Mary River Turtle: Rare 'Butt-Breathing' Reptile Joins Endangered Species List


You can find this turtle in the Mary river in Queensland, Australia.

The 40 cm-long water turtle boasts of wide nostrils, finger-like structures under its chin and literally breathes through its backside, making up something you have never seen or heard of. To let it go extinct would be a huge mistake and failure of the humankind.

But the Mary River Turtle might just be the strangest of them all.

Driving the turtle's endangered status are environmental and human factors, the ZSL found, with the Mary River turtle taking up to 25 years to breed, an exceptionally long time for a species to maintain a healthy population.

It is also now officially among the most endangered.

This unusual turtle is one of several species of cloaca-breathing turtles, which breathe underwater using specialised glands in their reproductive organs.

The Mary River turtle is on the brink of extinctionThis Mary River turtle has a rather fetching punk hairdo made of green algae.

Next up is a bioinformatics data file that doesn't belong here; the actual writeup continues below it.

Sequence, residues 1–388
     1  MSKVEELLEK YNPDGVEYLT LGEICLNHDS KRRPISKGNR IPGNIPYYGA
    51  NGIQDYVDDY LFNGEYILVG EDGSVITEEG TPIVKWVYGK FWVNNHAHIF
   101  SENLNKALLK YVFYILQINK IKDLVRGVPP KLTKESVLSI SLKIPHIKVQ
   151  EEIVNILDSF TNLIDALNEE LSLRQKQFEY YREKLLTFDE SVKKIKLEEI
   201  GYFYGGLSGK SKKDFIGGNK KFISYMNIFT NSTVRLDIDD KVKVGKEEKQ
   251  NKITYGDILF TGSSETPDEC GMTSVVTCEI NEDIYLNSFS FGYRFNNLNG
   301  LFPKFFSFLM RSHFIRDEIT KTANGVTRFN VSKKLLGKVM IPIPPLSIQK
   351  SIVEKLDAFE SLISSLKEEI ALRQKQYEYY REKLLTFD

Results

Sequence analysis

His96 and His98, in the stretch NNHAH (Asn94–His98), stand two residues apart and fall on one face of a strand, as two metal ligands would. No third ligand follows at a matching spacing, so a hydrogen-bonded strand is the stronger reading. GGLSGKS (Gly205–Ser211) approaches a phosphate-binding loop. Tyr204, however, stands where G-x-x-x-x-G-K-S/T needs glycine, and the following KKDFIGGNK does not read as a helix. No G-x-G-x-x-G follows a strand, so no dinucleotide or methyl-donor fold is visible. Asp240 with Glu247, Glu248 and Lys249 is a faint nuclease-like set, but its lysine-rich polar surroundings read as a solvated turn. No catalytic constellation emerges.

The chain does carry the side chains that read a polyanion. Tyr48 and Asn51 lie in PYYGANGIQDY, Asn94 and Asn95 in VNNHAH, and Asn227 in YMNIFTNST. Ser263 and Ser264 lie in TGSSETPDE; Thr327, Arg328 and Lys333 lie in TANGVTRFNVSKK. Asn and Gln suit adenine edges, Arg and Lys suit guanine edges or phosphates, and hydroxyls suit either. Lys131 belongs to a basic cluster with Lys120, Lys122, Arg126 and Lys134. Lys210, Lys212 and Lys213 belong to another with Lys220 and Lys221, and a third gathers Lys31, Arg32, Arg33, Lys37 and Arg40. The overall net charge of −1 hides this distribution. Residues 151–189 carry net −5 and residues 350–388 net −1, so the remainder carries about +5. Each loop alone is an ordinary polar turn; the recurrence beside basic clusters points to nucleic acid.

Edge also cites the building dams, as well as jerks who collect the turtle's eggs for the pet trade as reasons for the stark population decline, which has been happening since the 1970s.

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The Mary River Turtle lives in well-oxygenated, flowing sections of streams.

The EDGE of Existence program highlights and protects some of the most unique and wonderful species on the planet and has already added creatures like a blind snake, limbless lizard, and world's largest sea turtle to its list.

The Mary River turtle is able to breathe through its bum thanks to gill-like organs in its cloaca.

"Parts of the Mary River catchment have been cleared and heavily grazed, and on these reaches of the river, the turtle is threatened by the effects of increased runoff, siltation and pollution", the Queensland agency said.

Academic research was hampered in 1974 when traders refused to reveal the habitat of what were then known as "Penny Turtles" after Australia outlawed the practice of keeping them as pets.

A Sydney-based turtle enthusiast found the Mary River turtle in a discovery that led to it being classified as a new species. They survived millions of years and to see them go extinct now would be a awful shame.

Top of the list is one of the turtle's cousins, the Madagascan big-headed turtle (Erymnochelys madagascariensis), the most likely to die out of any amphibian, bird or mammal.